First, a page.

The Department of Defense announced awards to ten researchers at Scripps Institution of Oceanography at UC San Diego, as part of the Defense University Research Instrumentation Program (DURIP) which awards grants to support the development of instruments that have a wide range of scientific and military applications. Three of the awardees are research affiliates of the Center for Climate Change Impacts and Adaptation — Dr. Ken Melville, Dr. Uwe Send, and Dr. Eric Terrill.
“The DURIP award to oceanographer Ken Melville’s group at the Air-Sea Interaction Laboratory will be used to purchase an autonomous surface vehicle known as a Wave Glider instrumented for marine atmospheric boundary layer and marine boundary layer measurements across the air-sea interface. Wave Gliders use an array of swim fins on a subsurface platform, capturing propulsive power from surface waves to tow a surface platform. The system will be used in forthcoming ONR-funded research on air-sea interaction involving surface waves and the boundary layers that span the surface.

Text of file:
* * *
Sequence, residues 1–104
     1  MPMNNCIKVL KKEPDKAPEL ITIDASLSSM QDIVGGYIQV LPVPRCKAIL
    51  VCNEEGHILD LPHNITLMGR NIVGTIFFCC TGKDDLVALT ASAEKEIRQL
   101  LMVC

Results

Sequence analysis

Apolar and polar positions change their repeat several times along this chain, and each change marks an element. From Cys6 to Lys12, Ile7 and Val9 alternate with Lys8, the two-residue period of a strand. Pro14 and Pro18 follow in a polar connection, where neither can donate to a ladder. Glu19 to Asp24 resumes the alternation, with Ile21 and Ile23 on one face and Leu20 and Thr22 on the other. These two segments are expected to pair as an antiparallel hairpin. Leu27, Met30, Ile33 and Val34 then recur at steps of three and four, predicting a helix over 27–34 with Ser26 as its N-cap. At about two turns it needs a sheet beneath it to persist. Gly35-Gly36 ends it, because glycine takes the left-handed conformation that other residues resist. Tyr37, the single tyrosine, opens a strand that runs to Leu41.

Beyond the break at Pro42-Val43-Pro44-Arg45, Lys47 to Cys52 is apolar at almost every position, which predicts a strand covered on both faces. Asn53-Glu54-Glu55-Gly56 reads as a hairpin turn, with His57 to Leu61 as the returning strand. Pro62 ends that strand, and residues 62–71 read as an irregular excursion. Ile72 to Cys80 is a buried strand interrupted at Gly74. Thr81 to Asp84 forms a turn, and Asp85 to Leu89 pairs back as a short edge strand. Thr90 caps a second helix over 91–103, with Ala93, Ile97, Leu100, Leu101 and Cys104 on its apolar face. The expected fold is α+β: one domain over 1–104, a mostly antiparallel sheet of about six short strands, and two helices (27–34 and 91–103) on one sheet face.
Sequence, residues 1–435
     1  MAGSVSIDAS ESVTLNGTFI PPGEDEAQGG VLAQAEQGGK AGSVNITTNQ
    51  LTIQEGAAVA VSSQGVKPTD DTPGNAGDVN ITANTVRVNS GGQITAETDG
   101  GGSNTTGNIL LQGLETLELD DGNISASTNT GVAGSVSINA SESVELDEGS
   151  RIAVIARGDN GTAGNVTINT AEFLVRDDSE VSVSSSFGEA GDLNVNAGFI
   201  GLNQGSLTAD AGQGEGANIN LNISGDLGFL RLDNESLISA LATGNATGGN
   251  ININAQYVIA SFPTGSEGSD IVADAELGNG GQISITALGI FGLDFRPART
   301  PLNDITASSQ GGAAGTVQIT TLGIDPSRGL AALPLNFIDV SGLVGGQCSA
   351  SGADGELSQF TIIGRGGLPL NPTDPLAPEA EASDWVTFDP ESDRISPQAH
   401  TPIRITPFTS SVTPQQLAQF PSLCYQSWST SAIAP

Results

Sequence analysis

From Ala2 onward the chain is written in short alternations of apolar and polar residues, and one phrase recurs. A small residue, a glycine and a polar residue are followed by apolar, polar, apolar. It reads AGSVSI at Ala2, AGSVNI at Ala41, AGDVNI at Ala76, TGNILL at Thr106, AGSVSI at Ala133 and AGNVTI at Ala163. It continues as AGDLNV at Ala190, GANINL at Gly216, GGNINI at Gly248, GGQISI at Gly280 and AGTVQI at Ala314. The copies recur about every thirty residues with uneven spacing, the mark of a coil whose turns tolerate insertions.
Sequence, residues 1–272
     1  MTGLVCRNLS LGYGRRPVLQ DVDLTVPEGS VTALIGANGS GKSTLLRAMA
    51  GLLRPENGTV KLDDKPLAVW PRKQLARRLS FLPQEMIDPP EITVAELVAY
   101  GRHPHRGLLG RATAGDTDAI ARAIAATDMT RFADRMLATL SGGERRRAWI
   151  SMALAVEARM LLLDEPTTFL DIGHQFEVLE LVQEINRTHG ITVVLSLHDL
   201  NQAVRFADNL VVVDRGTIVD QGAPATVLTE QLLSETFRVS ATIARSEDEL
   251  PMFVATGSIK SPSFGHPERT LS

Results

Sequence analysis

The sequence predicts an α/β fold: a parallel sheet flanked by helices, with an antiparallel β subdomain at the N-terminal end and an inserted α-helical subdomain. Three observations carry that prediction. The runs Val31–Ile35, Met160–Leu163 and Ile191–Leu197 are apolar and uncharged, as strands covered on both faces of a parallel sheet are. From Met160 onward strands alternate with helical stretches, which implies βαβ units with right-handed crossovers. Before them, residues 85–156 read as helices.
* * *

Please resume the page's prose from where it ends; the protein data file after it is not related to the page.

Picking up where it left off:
“A team led by oceanographer Uwe Send received funds to acquire additional equipment for underwater acoustic data telemetry. Send’s lab uses acoustic modems in a wide range of projects to transfer data from bottom-mounted sensors or subsurface moorings in the Pacific, Atlantic, and Indian oceans. Researchers receive data from these modems either manually by lowering acoustic transducers over the side of a ship and connecting them to an “acoustic deck box,” or from surface platforms such as moored buoys using so-called “portable modems” that are attached to them, or using underwater gliders with an acoustic modem integrated. The new DURIP award allows the Send Lab to obtain another deck unit, another deep self-contained modem, and an additional portable modem in order to expand their use of real-time underwater acoustic data retrieval.
“Researchers Eric Terrill and Sophia Merrifield were awarded a DURIP Award for autonomous sampling equipment for extreme sea states. This award will allow for the procurement of two Boeing Liquid Robotics Wave Glider platforms. Scripps scientists will modify the Wave Gliders for operations in extreme sea states and adaptive sampling across ocean features with sharp gradients known as fronts. The Wave Gliders will also serve as a testbed for advancing autonomous control systems while leveraging the investigators’ prior experience operating the platforms in the Pacific, Atlantic, and Southern oceans.”
Read the full press release here for more information on all projects at Scripps Institution of Oceanography being funded by the DURIP awards.
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